TERRIFYING! You don't expect to bring THIS home with you when you do the shopping!

Offaly Express Reporter

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Offaly Express Reporter

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TERRIFYING! This is not what you expect when you buy a packet of bananas!

TERRIFYING! This is not what you expect when you buy a packet of bananas!

The ISPCA welcomed a most unusual guest to its Donegal Animal Rehabilitation Centre (ARC) recently following an urgent call for help from a member of the public.

ISPCA Care Assistant Leela Voss, experienced in handling exotic animals, assisted a surprised member of the public, who discovered a small Tarantula hiding in some recently purchased fruit.

The Tarantula, later named Parker, was identified as a Mexican red rump, is about four months old and relatively harmless.  Once this little guy matures to adulthood, it can be determined whether it is actually a male or female.

The stowaway was found hiding in a bunch of wrapped bananas that originated from Central America, and recently purchased at a local supermarket in Donegal.

ISPCA Centre Manager Denise McCausland said:  “Parker was carefully captured and transferred in a secure box before being admitted to the ISPCA ARC for a closer inspection.  A veterinary examination confirmed that Parker was very dehydrated and lethargic after his travels but after some water and mini crickets to eat, he began to perk up very quickly.  Parker was placed in an appropriate humid habitat in temperature and moisture levels suitable for his species and was closely monitored over a number of weeks.  He has already grown in size and is continuously spinning elaborate webs all around his enclosure.  Parker is thriving well; his previous fuzz of hair is thickening well as he grows, also moulting in recent days.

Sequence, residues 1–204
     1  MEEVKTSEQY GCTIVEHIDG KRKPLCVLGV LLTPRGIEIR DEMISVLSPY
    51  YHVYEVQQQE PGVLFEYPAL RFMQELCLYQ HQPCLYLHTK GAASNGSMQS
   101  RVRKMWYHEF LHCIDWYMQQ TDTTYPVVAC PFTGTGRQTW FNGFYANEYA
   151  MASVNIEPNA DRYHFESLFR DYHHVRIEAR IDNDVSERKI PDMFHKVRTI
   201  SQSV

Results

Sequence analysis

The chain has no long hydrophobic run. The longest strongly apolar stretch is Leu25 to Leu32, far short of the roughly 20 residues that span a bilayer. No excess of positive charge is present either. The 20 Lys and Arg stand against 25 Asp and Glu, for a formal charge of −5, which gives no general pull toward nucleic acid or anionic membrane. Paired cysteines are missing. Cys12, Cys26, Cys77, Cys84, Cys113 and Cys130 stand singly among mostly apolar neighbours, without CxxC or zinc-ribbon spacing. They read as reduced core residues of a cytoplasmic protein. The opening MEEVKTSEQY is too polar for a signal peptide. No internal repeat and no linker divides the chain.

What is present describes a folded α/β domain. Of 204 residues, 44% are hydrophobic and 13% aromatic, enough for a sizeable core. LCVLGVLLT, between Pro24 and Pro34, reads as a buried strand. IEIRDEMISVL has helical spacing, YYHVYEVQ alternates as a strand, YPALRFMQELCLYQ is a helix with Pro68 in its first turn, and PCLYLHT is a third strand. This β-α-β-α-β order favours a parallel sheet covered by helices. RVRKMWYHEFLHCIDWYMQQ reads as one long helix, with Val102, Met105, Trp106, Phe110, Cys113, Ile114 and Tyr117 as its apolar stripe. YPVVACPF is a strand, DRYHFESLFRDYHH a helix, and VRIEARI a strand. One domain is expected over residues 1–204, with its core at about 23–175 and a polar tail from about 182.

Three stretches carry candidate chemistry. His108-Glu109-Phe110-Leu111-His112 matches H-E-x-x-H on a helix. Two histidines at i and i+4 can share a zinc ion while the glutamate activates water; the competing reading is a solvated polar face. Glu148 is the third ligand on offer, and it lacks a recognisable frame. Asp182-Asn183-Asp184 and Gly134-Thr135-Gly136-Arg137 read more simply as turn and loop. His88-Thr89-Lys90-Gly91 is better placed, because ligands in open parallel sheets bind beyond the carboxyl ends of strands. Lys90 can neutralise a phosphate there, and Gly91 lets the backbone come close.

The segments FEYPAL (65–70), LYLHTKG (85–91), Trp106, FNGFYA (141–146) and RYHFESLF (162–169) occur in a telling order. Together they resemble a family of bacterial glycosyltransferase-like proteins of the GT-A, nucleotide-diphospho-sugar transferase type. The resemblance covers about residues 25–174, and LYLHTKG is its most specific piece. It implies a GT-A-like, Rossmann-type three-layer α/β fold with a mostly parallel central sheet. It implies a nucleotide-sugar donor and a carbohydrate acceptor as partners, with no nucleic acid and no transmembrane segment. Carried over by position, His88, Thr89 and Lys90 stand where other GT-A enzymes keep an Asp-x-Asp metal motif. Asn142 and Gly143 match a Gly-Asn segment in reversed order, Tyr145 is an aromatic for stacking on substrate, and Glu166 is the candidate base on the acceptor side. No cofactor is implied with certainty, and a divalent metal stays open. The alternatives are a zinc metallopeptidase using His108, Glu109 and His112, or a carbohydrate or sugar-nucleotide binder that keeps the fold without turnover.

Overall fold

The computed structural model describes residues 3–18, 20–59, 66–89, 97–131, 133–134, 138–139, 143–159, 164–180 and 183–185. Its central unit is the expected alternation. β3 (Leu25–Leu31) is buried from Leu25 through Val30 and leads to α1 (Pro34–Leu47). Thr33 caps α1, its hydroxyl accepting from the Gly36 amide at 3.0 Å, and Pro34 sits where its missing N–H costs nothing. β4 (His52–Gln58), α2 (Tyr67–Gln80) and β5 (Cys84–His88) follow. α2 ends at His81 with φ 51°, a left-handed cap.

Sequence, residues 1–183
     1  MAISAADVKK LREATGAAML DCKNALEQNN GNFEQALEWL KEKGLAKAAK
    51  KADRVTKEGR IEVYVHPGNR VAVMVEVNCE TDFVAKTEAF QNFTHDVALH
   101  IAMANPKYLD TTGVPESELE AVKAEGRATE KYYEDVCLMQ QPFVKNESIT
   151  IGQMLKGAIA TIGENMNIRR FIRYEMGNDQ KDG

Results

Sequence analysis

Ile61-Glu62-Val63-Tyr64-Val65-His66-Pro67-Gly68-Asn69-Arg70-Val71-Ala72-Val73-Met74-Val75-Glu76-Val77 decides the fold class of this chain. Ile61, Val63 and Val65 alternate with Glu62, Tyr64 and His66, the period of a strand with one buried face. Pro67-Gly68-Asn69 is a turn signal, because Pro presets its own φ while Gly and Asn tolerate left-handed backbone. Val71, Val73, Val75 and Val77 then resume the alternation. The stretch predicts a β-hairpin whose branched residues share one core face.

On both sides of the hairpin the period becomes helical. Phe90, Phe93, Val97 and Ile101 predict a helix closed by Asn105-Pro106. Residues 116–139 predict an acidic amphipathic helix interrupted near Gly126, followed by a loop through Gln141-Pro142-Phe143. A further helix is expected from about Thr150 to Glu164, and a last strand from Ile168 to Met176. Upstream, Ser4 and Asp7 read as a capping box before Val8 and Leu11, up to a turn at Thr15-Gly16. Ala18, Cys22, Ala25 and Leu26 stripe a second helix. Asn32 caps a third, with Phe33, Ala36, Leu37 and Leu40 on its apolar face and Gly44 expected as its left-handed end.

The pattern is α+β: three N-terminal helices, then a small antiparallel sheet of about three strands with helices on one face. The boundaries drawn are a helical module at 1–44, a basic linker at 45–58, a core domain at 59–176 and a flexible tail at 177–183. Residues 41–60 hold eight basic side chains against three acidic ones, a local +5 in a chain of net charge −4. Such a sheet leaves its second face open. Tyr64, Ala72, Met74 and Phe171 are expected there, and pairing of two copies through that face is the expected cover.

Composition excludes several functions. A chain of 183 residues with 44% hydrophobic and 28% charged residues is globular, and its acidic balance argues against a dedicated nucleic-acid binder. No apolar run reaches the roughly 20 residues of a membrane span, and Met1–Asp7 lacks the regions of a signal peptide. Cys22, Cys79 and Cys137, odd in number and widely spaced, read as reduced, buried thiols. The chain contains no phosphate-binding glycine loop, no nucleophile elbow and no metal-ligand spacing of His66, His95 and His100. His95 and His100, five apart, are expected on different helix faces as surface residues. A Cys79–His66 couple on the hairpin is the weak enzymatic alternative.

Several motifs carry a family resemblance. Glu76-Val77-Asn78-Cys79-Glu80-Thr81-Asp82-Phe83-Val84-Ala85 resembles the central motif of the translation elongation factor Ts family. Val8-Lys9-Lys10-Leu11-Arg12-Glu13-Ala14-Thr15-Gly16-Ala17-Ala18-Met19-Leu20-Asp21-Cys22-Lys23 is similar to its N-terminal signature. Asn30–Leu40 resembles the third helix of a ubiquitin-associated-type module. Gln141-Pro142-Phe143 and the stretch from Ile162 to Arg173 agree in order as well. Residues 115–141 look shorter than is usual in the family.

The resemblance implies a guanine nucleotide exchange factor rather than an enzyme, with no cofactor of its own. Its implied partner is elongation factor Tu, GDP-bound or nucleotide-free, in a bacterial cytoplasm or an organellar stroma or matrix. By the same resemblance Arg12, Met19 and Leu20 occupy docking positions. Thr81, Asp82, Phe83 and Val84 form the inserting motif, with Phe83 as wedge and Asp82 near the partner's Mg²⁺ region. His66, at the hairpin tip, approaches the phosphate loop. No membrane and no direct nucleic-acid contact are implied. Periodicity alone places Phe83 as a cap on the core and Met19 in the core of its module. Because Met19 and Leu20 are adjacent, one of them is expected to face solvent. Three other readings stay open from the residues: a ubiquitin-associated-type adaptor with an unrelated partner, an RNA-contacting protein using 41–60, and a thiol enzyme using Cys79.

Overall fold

Denise added:  “This is a vulnerable time for Tarantulas as his new exoskeleton has to harden in the coming days and weeks so we are being extra careful.  Parker will be transferred to Alcorn’s Tropical World nearby where his permanent home awaits. There Parker can live the solitary life he requires in a purpose built vivarium fit for a spider Prince or Princess”.

The ISPCA recommends anyone thinking of getting an exotic pet should consider whether they can commit to providing care throughout the animal’s entire life.  Some can live for 30 or even 50 years for some exotic species and many other factors need to be considered such as correct lighting, heating, humidity, diet and other needs in order to keep them healthy. As with all animals, exotic pets have five basic animal welfare needs and owners have a legal duty to ensure they are a responsible pet owner.

1. A suitable living environment

2. An acceptable diet

3. Ability to act according to natural behaviour

4. Companionship if necessary

5. To be healthy and protected from pain, injury or disease

The ISPCA put together some interesting facts about Tarantulas!

Did you know that Tarantulas are a group of large and often ″hairy″ spiders of the family Theraphosidae and about 1,000 species have been identified?

Tarantulas rarely bite people!

If a Tarantula feel threatened, they will defend themselves using their hind legs to scrape needle-like barbed hairs from their abdomen, throwing them in the direction of the threat. If they attack, its venom doesn’t pack much of a punch but it can cause a nasty, irritating rash. A Tarantula bite is no worse than a bee sting however, dogs are more susceptible to tarantula venom although some people may suffer an allergic reaction as a result.

Tarantulas sneak up on small prey at night and then pounce!

Tarantulas hunt on their feet and don’t catch their prey through webs.  They eat a lot of insects but will hunt mice, frogs and even birds by paralyzing their prey with venom. Generally, however, tarantulas are burrowers that live in the ground.

A female tarantulas can live 30 years or longer in the wild!

Female tarantulas are famously long-lived. Even in captivity, they’ve been known to live for over 20 years. Males, on the other hand, don’t make it much beyond reaching sexual maturity, with a lifespan of just 5-10 years on average. In fact, males don’t even molt, once they reach maturity.